Managing non-beak-trimmed cage-free layer flocks in Austria

Austria has a relatively small egg industry but has successfully transitioned to cage-free production with non-beak-trimmed layer flocks.

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Austria used a stepwise process to successfully move away from beak-trimming in all of its cage-free flocks.
Austria used
a stepwise process to successfully move away from beak-trimming in all of its cage-free flocks.

Animal rights activists in many European countries have made the practice of beak trimming poultry one of their prime targets.

“There is a big debate about beak trimming in the Netherlands and the U.K. and it has already been banned in Sweden and Norway,” said Dr. Knut Niebuhr, assistant professor, University of Veterinary Medicine, Vienna. He told the audience at the International Egg Commission’s conference in Vienna that beak trimming is not forbidden by law in Austria, but it is not allowed for shell eggs sold under one of Austria’s “label marketing programs.”

Seal of approval

Around 80 percent of all farms market their eggs in the two label programs, Tierschutze gepruft and AMA Gutesiegel. AMA stands for Agri Markets Austria, and the label is akin to a “seal of approval” for agricultural products.

Michael Blass, managing director, AMA Gutesiegel, said, “Austrian consumers have quite specific expectations about foodstuffs and they are willing to be quite vocal when it comes to expressing these expectations.” 

Blass said the AMS Gutesiegel label represents three things for consumers: The first is premium quality for a commodity; the second is that the food is traceable back to its origin; and the third is the independent sampling, auditing and analysis that is conducted. In a recent survey of Austrian consumers, Blass told IEC delegates, there was a very clear preference expressed for food that is non-GMO in origin, and he said they want eggs from hens that are fed non-GMO feed.

Phasing out beak trimming

In 2000, approximately 43 percent of all flocks in Austria were beak trimmed, and these were all in non-cage systems. Through mediation, which brought together egg producers, retailers, animal welfare groups, veterinarians and scientists, an agreement for a stepwise phaseout of beak trimming was agreed to.

The time frame established was from 2002 to 2005. The agreement set fixed maximum rates of beak-trimmed flocks. There were increasing penalty fees set for farms with beak-trimmed flocks. The fees paid were to be used to compensate farmers with beak-trimmed flocks that show increased mortality due to injurious pecking. The agreement also set up management guidelines and called for scientific monitoring and data collection from the flocks.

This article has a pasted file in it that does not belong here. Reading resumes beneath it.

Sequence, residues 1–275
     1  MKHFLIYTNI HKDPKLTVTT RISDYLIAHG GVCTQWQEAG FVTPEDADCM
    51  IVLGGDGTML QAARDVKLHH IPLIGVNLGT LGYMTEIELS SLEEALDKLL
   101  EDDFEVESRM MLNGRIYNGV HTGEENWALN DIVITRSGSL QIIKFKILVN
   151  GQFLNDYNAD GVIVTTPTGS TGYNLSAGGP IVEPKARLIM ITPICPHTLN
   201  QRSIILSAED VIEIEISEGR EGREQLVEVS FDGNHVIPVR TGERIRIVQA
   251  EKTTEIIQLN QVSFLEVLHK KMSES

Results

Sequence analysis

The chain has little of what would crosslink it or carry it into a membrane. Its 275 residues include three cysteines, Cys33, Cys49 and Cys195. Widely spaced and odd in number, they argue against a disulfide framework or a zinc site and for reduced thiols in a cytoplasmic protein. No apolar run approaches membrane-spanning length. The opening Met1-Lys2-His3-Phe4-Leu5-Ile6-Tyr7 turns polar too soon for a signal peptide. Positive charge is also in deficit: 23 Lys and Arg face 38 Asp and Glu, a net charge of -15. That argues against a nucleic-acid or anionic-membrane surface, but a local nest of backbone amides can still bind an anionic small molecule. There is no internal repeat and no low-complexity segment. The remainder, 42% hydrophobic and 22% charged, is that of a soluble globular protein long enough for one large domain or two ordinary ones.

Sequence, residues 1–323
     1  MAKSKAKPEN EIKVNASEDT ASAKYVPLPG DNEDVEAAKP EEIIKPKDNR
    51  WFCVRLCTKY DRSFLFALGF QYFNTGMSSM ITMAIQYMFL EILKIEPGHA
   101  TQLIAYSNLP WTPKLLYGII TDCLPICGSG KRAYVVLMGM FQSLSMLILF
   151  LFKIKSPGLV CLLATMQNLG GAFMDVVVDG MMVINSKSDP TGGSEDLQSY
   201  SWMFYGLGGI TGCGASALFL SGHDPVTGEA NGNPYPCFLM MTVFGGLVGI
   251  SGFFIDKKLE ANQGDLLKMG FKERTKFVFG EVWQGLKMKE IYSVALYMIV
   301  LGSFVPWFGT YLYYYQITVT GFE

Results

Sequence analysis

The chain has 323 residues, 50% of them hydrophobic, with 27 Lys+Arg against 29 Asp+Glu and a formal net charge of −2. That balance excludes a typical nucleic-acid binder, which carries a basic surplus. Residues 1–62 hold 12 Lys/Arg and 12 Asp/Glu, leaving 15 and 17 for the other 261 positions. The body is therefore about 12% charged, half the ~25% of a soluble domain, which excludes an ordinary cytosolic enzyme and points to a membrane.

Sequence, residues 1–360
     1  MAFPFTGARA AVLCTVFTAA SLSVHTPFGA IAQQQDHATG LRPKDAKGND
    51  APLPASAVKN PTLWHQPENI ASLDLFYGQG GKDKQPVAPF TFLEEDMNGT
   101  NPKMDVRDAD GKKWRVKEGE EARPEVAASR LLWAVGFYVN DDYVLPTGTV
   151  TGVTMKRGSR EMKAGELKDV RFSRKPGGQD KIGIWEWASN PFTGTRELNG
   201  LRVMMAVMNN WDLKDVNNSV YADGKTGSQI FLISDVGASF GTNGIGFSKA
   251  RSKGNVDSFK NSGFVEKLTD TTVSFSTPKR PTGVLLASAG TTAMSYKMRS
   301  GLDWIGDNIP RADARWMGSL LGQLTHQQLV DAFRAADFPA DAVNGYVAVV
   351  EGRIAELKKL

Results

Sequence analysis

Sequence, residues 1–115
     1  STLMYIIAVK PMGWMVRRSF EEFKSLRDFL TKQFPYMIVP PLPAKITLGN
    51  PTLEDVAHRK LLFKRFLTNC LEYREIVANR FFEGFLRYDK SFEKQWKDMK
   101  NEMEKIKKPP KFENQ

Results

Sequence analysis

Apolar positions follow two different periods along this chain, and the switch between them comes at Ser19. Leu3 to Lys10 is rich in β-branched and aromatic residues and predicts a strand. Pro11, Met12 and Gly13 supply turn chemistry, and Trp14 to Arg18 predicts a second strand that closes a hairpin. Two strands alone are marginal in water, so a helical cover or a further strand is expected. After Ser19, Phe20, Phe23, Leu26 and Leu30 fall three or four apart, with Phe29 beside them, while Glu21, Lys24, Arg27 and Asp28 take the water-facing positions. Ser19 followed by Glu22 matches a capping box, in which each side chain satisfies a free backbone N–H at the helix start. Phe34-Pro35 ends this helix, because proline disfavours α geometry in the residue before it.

Battery cage housing for layers in Austria was banned in January 2009 and no new enriched cages were allowed to be built from 2005 on, so Niebuhr said that the Austrian experience without beak trimming is essentially a story about management of cage-free flocks without beak trimming. In 2013, nearly 97 percent of all layers in Austria were maintained in cage-free systems (see Table 1). Barn systems housed around two-thirds of Austrian layers in 2013.

Controlling pecking

“If you want to get rid of beak trimming (of laying hens), then you have to try and to control both feather and injurious pecking,” Niebuhr said. “Injurious pecking and feather pecking are probably related, but may occur independently. They are not related to aggressive behavior.”

He said that the development of injurious pecking and feather pecking depends on a combination of different influencing factors, i.e., it has a multi-factorial origin. Genetic predisposition, feeding, rearing and husbandry conditions on the layer farm all can be factors in the development of injurious pecking and feather pecking behaviors in a flock. “Beak trimming can reduce the severity of damage caused by pecking, particularly injurious pecking, but it doesn’t eliminate the underlying causes leading to injurious pecking or feather pecking,” he said.

Stepwise approach

Niebuhr said it is possible to phase out beak trimming with a stepwise approach. He said it is essential to have a framework established between producers, pullet growers, feed mills, veterinarians, scientists and advisers and that the process has to be closely monitored. Expertise is necessary. Doing the conversion incrementally allows for the resources needed to train and advise growers to be available when needed, and this minimizes animal suffering as producers learn how to manage flocks differently.

The percentage of flocks that exhibits injurious pecking in Austria has decreased from approximately 9 percent in 2000-02 when almost all cage-free flocks were beak trimmed to approximately 2 percent from 2010-12 when almost all cage-free flocks were not beak trimmed. The incidence of flocks exhibiting medium to severe damage from feather pecking has also decreased from the 2000-02 timeframe to 2010-12, going from about 30 percent of all flocks down to about 17 percent of flocks.

Phasing out beak trimming makes good management in the pullet and laying houses even more critical, according to Niebuhr. Austria is a brown egg market. He said that feeding a nutrient-dense high-quality ration plays a role in limiting injurious pecking. Niebuhr said you can raise cage-free hens without beak trimming in flocks with low levels of injurious and feather pecking and with relatively low mortality rates, but it isn’t inexpensive.

“You need a good price for your eggs,” he said.

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